Wednesday, July 31, 2013

Updated Packing List for the Camino de Santiago

While planning for the camino, I compiled packing lists based on research I did on the internet.  I came up with a final list to bring in my blog post What to bring to the Camino/Packing List -- which I have updated with some other things I brought along.

Looking back, I am happy that I took the time to plan what to bring and I am glad to say that I brought exactly the right stuff for a late Spring (March-April) hike.  My 28 liter backpack was filled just right, with my total walking weight varying from 5 to 8 kilos.  Okay, I actually spent a lot of time weighing everything on a kitchen scale, shaving ounces here and there.  I also looked for the lightest weight stuff with maximum function that I could bring.  I found a 600 gram down sleeping bag that worked perfectly for me. Yes, you need less than what you think you need.  Remember that you will be carrying all these yourself.  There were a number of pilgrims who were leaving things behind as they walked along.  You can prevent that by just bringing what you need. And what you do not have usually you can buy or sometimes, as we found, the Camino provides.  (It seems now that, always, when I pack for a weekend trip, I bring 4 times as much as I brought on my month-long Camino!)

There was one thing that was not in my original packing list but added at the last minute.  It was an Ortlieb drybag (12 liters) with a compression valve.  This allowed me to just stuff all my clothes in one place and compress them so that they all fit in my small pack.  It was also great to have a toiletries bag so all of my toiletries were organized in one place.

Later during the walk, I bought a trekking pole which was helpful but maybe not totally necessary.  In fact, I forgot it at an albergue.  For those who have problems with their knees, though, I think that having trekking poles would be a good idea, as they help stabilize you, specially on downhill portions.  Just know how to use them right, otherwise, they will be more of a burden than a help to you.  (See:  I realized I was not using my trekking pole right when Joe commented about it.)

Other things that I should have brought more of, but in the end was able to buy along the way are the following: Voltaren gel for aches and pains, Melchfett/Hirschtalg ointments and Compeed blister stick and blister pads.  You must have noticed that the additional stuff are all for taking care of my feet. 

I left behind my Swiss knife because I just wanted to bring a handcarry on the plane.  I instead brought a small Opinel folding knife with a 6 cm blade which was acceptable on European flights.  It was really a great thing to have.  You can buy them in France or Spain and are just perfect for cutting cheese and bread and tomatoes for the picnics we had.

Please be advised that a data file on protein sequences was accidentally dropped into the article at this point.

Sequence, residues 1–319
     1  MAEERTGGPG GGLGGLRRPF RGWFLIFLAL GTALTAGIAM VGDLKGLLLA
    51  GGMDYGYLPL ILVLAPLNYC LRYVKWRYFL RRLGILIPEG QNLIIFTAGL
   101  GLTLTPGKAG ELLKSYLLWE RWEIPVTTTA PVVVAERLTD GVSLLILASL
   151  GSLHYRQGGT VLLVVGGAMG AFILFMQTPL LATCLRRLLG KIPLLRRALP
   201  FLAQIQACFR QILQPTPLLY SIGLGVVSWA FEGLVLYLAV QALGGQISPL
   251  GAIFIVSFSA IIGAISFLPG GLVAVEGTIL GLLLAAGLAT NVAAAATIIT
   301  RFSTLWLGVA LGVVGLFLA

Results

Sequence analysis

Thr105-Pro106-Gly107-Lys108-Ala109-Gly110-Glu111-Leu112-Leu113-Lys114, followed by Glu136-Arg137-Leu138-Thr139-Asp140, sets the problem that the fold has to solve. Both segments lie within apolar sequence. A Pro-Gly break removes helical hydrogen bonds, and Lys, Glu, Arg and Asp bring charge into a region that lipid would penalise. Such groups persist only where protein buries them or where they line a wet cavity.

Here are just some other thoughts regarding packing and other things you may need.

1. Break in your shoes

As you probably read in every other packing list, the most important thing on your walk is your boots. Make sure they are comfortable and break them in.  I used Lowa Goretex leather boots for my walk and got a total of 2 blisters. I had some trouble at the start because I had made a last minute boot switch and was not able to break them in completely, but they were great.  I was happy with them because it was a bit cold during my walk, plus there was a lot of mud and rain. Others wore running shoes. One that I would consider using next time would be Salomon trail runners XA Pro 3d Ultra2 which was worn by some people and did not give them trouble.  This does not discount the small possibility that your shoes might suddenly disappear, which happened for my sister (I do not think this really happens often -- we were just lucky ???).  In this case, just hope there is a good shoe store where you are, and that the shoes you get will fit.

2. Care for your feet

As I walked the Camino, I realized how important it was to care for your feet and legs.  My sister and I massaged our calves and feet before sleeping.  Another tip I got from some other pilgrims is to lather on some ointment/salves on your feet before walking.  Maria, from Spain, used alcohol de Romero after which she used a Compeed blister stick on areas prone to blisters. The two Tinas shared with us something called Melchfett (I saw this only in Germany) and Hirschtalg (loosely translated as "deer tallow"). We used them and they were great.  Most times I also massaged Voltaren gel on my aching muscles. I also drank some little arnica homeopathic pills once in a while, which is supposed to bring down inflammation and swelling. The first few days I also drank some anti-inflammatory tablets -- I am not sure they are such a good idea as they may cause some side effects and overtax some organs. I think I would not do that next time but instead just remember to massage my legs with the Voltaren gel.

3. Test your gear

 Make sure that everything works and that you are comfortable with them.  My sister forgot to test her Camelbak bladder and it was leaking on the first day. We had to leave it behind.

4.  Make sure your waterproof jacket is really waterproof

It does rain a lot in Spain as we found out -- and when it rains, it really pours, so make sure your waterproof jacket is truly waterproof (my Goretex jacket worked quite well).  It is also nice to have a raincover on your backpack, and to ensure that your stuff inside stays dry -- to have a drybag inside.  It is better and easier to pack with one drybag than a lot of separate plastic bags.

I hope I have covered everything, and please check out my new packing list updated after the hike.

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